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Tim Rossi thinks he can shave 16 minutes off his marathon time

Editor's Note: I once described New York native Tim Rossi as a junkyard dog (to him, which might not have been taken well) for his tendency to show up at any and every race from a mile upwards in NYC (to be honest I think he’d race you to the next block if you were up for it). He’s out racing every week, fighting his way through injuries and a bitter NYC winter, flying the flag for his crew, Lostboys.

TEMPO asked Tim to share his race goals for 2018. Check out Tim’s goals and then reassess your own.

“People conceptualize conditioning in different ways," he said. "Some think it's a ladder straight up. Others see plateaus, blockages, ceilings. I see it as a geometric spiraling upward, with each spin of the circle taking you a different distance upward. Some spins may even take you downward, just gathering momentum for the next upswing. Sometimes you will work your fanny off and see very little gain; other times you will amaze yourself and not really know why". – Bruce Denton on fitness in Once a Runner.


“Tim Rossi is an idiot"

I can hear the message board posters already, except that I’m not a nearly good enough runner to show up on the message boards at all.

Regardless, I like to think that I have enough self-awareness to realize that my running goals are gaudy enough to breed some sort of extreme response, which will generally boil down to “Tim is clearly out of his mind”.

Instead of beating around the bush and laying out my defense before stating my goals, I’m going to just throw them out there. They are:

  • A Sub-2:30 Marathon (by the end of 2018)
  • A Sub-1:12 Half (by the end of 2018)
  • Olympic Trials Marathon Qualifier (eventually)

And for context, my current PRs are the following:

  • Marathon: 2:46:12 (2015, most recent was a 2:52:59 in Boston 2017)
  • Half: 1:14:37 (NYC half 2017, that is my most recent half)
  • Trials: Definitely not Olympic stuff.

So yes, I realize that I’m looking to take chunks off these PRs, to the point where any normal person would think I’m nuts. But, in a sport that is extremely black and white, these numbers do not tell the whole story.

My most recent marathon doesn’t tell how I trained for it on what I later discovered to be a stress-reaction in my right shin after taking pretty much all of 2016 to recover from 2-successive stress fractures (one in my left foot, one in my right foot just to keep things symmetrical), running all of 30 MPW (average, it was more of a 40-mile week followed by a 10-mile week over an over again) during the training cycle.

It also doesn’t tell how this same training helped me remain sane while my dad was hospitalized after suffering a minor heart attack and having quadruple-bypass surgery two days before I ran my half PR of 1:14:37. Or how I started running “seriously” in 2014 to train for my first marathon after only running to enable beer consumption during college (i.e. to keep from getting fat from consuming beer).

Regardless, people will ask why; why those goals?

My response? It’s complicated.


I thrive off competition, I love working within running and seeing the results. It’s one of the reasons that I race so often on the NYC road circuit, and recently I have been finishing in times and places that I never dreamed of previously. I’ve ran the same 4-6 mile courses minutes faster than I ever have previously. But more importantly, I’m finishing next to people I used to dream of finishing close to.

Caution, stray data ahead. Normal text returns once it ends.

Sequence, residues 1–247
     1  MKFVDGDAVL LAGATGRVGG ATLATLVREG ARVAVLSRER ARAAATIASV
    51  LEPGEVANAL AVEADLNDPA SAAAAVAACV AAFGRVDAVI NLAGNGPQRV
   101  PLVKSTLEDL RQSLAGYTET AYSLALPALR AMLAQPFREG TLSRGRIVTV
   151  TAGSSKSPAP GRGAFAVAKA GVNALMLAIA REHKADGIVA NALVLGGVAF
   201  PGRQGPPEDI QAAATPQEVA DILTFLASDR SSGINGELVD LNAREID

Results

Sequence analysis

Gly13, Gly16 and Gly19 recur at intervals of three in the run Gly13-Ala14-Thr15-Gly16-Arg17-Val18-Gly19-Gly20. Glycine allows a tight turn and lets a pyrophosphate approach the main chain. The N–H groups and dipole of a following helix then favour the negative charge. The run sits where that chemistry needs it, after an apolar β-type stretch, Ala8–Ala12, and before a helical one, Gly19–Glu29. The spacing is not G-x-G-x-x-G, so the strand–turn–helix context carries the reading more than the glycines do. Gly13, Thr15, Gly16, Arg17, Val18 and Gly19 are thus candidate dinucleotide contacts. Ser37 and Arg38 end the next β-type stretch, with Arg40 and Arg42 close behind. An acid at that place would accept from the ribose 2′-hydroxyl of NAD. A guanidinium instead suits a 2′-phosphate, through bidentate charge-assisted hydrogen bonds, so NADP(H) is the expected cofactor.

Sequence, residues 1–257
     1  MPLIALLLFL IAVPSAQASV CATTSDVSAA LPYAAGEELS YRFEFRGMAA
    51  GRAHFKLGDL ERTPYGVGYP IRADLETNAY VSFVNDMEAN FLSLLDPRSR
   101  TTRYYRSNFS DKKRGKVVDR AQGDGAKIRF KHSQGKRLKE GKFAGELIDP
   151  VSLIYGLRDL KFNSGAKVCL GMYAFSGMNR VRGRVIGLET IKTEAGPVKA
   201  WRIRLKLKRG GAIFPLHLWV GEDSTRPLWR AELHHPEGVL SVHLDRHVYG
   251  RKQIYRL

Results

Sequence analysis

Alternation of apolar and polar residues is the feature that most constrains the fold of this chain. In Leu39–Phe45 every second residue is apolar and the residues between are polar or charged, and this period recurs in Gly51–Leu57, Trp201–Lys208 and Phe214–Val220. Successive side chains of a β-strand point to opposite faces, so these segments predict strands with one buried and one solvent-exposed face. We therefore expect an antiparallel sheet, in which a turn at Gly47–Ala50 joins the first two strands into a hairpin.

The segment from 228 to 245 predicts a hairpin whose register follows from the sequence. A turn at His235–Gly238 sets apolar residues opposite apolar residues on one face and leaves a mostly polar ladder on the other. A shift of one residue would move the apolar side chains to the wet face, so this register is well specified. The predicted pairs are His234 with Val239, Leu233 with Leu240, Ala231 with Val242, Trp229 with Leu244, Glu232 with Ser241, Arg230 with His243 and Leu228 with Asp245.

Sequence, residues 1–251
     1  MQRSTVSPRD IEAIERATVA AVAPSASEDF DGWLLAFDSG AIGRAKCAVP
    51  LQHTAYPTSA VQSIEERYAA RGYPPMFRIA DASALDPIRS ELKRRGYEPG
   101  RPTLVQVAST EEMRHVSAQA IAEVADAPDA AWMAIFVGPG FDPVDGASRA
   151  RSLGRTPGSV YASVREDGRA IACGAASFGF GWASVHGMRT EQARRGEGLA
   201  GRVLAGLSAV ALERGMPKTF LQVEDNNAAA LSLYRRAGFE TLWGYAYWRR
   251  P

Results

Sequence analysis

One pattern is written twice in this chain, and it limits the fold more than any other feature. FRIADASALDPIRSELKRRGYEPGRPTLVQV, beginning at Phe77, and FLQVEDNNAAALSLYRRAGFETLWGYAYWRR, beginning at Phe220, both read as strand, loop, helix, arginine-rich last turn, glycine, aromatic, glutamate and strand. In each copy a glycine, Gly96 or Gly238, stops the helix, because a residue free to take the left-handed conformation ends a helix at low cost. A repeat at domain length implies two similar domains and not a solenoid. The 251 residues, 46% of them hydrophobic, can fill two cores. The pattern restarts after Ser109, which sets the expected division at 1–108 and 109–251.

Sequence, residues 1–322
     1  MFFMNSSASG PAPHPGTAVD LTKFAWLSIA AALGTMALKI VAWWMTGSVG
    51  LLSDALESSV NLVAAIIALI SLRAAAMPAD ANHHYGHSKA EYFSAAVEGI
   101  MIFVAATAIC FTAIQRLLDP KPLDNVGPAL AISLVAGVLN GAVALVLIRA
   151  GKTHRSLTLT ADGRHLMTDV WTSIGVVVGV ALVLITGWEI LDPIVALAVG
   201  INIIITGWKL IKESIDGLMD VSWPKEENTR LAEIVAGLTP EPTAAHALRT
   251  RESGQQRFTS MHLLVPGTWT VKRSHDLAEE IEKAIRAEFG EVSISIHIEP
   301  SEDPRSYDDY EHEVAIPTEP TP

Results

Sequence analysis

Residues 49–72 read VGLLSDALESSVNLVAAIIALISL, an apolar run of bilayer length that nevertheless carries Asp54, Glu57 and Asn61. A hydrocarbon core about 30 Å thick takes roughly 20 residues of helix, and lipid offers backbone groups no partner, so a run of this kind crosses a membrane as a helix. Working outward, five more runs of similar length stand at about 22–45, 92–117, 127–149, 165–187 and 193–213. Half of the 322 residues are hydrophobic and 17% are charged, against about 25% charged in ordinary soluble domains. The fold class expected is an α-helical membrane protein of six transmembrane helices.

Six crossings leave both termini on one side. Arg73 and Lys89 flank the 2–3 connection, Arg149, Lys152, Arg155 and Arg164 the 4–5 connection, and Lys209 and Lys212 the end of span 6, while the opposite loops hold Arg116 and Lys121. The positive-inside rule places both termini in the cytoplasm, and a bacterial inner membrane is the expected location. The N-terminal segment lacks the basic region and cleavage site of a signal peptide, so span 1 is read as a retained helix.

The NYC running scene isn’t all that big once you’re in it. There is a line somewhere (I believe in Again to Carthage) about how races may contain thousands of people but once the gun goes off you are racing the same 4 or 5 guys you’ve raced every time before. This is true of NYC as well; run enough races and you will be pushing with the same familiar faces time and time again.

Except, for me, that’s not true anymore. I’m now finishing minutes ahead of those same faces I rubbed elbows with in 2015 and 2016, swapping those faces out for the guys that I thought were on another level back then. The people that I used to berate with training questions are now the same people that I want to break on race day.

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“Mentally, I am beyond my PRs, and I am past barriers that appeared enormous in the past. The last two marathons I’ve ran I’ve wanted to go sub 2:40.

Now, I truly believe that setting that goal would be selling myself short”.

I need to believe that I am on one of the major upswings that Bruce Denton talks about, because why would I believe anything else?


With that said, I do believe that marathon pace displays itself to you over a training cycle, and I’m very willing to adjust my goals based on training. But saying that I am going for these goals excites me, it gets me out of bed for those snowy 10 mile slogs after workout days and through the middle-miles of tough tempos. Running itself has done a ton for me, and I run for many reasons, but these goals are a big part.

And if they are crazy? So be it, I’ll be crazy.

I’d rather dream than never try.

And so I’ll leave you with this:

"'You miss 100% of the shots you don’t take – Wayne Gretzky’ – Michael Scott” – Tim Rossi. Stay lost.

Editor's Note: We'll check in with Tim throughout 2018 and see how he's going.

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